The words funeral service are derived from the Latin "missa pro defunctis," or "Mass of the dead." Such rites of passage are perhaps as old as humankind itself.
In past centuries people commonly cared for their own. Families purchased coffins from a carpenter or cabinet maker. Livery stables offered transportation services. The local sexton arranged for the grave diggers to open the grave. Together they comprised a loosely held neighborhood-type of guild which undertook care for the bereaved. The “undertaker” trade began just so.
Over time, through advances in medical and mortuary science, training, and common experience, the coordination fell to the local mortician/funeral director.
Herman Abbot Jr. was a successful, well-known cabinet, furniture and casket maker here in Andover. He and his brother Joseph were also “undertakers." In 1851, Herman purchased the old car shop from the B & M Railroad when they moved their operations to Lawrence.
A massive fire in May 1870 destroyed much of Elm Square. The Abbots lost a large number of coffins, caskets, and fixtures. Later that year, Herman bought a building on Elm Street which decades later would house a funeral home -- and, later still, several popular restaurants.
Andover’s first mortuary was founded by Frank H. Messer. Under his watch, he developed several future Andover funeral directors -- among them James Crabtree, Everett M. Lundgren, Herman and Joseph Abbott and Charles Parker.
Lundgren worked with Messer for several years before branching out on his own, when Messer sold his parlor in 1913. Purchasing 20 Elm St., Lundgren opened his parlor.
Known as the “town’s kindly funeral director,” Lundgren stayed involved in the community. During his tenure on the Spring Grove Cemetery board, there was a “marked improvement in the beauty of the town’s cemetery.” His two sons, Malcolm and Donald, assisted in running the business.
After operating for over 70 years, the family sold the building in 1984. It has since been reimagined, becoming home to several popular restaurants, notably The Duck of Andover in 1986, then Rembrandt’s in 1988. Palmer’s Restaurant & Tavern opened in 1995 and has been an Andover mainstay ever since.
In 1932, funeral director Michael A. Burke moved his parlor from Lawrence to 393 North Main St. in Andover. The funeral home remained at that location until 1949 when they moved to their present location, 390 North Main. Now known as Burke-Magliozzi Funeral Home, it has served Andover for nearly 90 years.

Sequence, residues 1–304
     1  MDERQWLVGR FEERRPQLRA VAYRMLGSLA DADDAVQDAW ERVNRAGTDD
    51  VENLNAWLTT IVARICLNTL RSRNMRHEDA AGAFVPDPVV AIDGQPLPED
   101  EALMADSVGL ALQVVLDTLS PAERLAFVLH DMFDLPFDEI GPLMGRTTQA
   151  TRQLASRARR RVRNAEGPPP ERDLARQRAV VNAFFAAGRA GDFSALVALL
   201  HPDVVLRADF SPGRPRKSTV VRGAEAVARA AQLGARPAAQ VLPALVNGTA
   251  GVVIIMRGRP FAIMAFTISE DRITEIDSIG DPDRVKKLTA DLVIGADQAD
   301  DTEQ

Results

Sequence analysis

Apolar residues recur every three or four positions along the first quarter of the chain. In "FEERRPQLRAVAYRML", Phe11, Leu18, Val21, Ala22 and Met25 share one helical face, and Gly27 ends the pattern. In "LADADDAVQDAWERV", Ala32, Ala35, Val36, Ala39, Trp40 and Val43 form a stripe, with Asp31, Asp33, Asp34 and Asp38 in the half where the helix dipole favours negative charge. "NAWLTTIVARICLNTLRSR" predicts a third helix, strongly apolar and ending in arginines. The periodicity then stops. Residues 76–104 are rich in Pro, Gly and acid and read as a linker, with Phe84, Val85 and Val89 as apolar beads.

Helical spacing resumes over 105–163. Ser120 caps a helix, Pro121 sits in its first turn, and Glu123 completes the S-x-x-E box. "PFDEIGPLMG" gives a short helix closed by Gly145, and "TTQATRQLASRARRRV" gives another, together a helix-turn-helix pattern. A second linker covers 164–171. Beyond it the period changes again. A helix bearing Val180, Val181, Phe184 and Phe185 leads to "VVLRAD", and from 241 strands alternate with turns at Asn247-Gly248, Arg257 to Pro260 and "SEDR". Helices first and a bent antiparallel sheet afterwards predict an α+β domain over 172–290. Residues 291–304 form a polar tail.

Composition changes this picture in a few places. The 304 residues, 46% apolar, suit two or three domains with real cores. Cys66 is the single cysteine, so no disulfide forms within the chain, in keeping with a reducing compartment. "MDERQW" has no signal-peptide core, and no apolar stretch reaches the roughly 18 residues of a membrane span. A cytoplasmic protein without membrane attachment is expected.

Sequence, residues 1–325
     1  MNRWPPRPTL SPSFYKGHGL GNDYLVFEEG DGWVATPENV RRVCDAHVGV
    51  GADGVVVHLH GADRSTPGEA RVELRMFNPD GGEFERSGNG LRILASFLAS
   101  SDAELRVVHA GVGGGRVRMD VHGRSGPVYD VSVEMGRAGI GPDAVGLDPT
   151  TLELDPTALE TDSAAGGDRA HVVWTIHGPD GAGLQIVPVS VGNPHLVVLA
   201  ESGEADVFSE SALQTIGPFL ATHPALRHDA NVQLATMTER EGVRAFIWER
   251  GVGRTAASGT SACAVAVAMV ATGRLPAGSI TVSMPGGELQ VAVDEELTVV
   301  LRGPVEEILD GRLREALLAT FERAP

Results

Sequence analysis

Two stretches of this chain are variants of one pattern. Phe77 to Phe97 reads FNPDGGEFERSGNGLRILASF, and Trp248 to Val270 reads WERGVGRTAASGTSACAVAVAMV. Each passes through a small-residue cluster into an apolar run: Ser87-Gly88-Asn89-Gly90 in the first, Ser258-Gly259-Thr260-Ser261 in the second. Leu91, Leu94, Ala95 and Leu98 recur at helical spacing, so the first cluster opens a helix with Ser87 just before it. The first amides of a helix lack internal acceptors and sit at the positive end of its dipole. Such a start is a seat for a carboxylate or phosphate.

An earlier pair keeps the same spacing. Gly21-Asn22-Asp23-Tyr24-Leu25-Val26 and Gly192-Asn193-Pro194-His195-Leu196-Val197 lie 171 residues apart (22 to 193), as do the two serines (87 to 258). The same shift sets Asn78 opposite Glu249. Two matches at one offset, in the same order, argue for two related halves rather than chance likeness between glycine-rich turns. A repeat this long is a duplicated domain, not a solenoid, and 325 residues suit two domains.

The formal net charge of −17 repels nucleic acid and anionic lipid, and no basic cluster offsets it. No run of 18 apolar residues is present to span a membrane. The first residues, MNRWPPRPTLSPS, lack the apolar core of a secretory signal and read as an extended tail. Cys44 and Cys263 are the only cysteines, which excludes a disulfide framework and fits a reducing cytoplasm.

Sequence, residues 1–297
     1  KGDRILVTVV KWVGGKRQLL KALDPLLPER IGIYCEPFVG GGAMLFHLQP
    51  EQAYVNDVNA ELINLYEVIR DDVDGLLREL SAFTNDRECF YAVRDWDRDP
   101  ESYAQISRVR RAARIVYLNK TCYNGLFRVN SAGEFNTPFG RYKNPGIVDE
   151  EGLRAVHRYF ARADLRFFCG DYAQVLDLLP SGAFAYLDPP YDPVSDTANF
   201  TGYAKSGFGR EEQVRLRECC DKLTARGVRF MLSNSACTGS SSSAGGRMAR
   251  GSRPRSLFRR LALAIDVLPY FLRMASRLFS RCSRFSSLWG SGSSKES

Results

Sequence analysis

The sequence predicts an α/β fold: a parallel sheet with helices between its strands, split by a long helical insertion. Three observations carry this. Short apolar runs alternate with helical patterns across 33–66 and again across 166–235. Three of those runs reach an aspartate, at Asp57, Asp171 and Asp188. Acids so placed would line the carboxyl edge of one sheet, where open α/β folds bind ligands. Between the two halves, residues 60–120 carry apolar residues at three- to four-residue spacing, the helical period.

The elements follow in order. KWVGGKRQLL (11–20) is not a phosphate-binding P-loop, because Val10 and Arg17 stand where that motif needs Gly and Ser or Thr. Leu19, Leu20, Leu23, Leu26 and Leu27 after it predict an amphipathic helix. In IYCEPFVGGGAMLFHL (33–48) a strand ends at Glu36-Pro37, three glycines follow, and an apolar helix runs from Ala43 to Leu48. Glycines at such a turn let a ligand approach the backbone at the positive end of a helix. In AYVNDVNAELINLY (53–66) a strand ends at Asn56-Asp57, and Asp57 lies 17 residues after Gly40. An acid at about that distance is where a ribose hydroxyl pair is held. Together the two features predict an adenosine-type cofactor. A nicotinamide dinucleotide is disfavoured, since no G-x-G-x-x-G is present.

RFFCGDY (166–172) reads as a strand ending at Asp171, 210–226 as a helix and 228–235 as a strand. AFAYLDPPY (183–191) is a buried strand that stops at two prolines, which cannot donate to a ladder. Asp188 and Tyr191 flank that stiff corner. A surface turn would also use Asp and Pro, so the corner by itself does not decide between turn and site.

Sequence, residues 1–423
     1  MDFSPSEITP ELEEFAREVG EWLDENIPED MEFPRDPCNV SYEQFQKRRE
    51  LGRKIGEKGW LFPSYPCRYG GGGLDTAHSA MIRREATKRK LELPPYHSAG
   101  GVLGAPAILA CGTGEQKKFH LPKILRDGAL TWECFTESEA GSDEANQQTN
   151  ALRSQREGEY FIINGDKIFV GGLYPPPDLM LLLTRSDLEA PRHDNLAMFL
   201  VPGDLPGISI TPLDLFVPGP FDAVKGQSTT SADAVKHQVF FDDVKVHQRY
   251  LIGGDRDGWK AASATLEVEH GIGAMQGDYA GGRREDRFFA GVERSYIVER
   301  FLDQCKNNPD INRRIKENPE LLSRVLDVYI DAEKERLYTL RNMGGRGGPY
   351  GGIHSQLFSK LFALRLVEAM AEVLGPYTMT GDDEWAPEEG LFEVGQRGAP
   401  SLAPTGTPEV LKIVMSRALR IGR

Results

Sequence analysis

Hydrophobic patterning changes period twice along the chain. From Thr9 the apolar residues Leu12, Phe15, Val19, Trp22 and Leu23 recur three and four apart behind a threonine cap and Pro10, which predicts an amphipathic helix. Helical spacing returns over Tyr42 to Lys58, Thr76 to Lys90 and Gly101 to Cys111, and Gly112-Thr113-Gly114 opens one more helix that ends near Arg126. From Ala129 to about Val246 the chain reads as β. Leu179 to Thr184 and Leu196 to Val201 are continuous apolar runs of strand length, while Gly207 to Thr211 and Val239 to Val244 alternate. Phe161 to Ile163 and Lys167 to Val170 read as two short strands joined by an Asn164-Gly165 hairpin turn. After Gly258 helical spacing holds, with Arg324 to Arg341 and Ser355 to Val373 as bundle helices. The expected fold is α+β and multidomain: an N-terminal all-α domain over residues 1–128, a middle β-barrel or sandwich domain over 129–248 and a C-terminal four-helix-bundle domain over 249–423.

In 1977, Anthony S. Conte Sr. purchased the Dewhirst Funeral Home of North Andover. Seeking to fill a void in Andover, in 1996 the family purchased a former insurance office building at 28 Florence St. The facility was completely renovated. Five generations have continued their tradition of a caring, family-owned business with ties to the community spanning more than 40 years.
In September 1985, Paul and Andrea Bekkenhuis purchased property at 33 Pearson St., converting it into a funeral home. Richard C. Dewhirst purchased the funeral home in December 1997 and operated the business over the next decade. In 2016, the property was repurposed and is now the home of the Pearson Street Preschool.
Now an estimated 2 million funerals take place annually in the United States. The industry generates $17 billion in annual revenue, operating over 19,000 funeral homes In addition, it has 130,000 employees, 100,015 cemeteries and more than 1,100 crematories.
During the past 30 years the industry has undergone an aggressive consolidation, yet today remains largely comprised of small, family owned businesses.
The same holds true in Andover.
For more than 100 years, the industry has served a vital role in our community. Funeral homes continue to comfort bereaved families with sympathetic understanding and much needed assistance during their time of loss.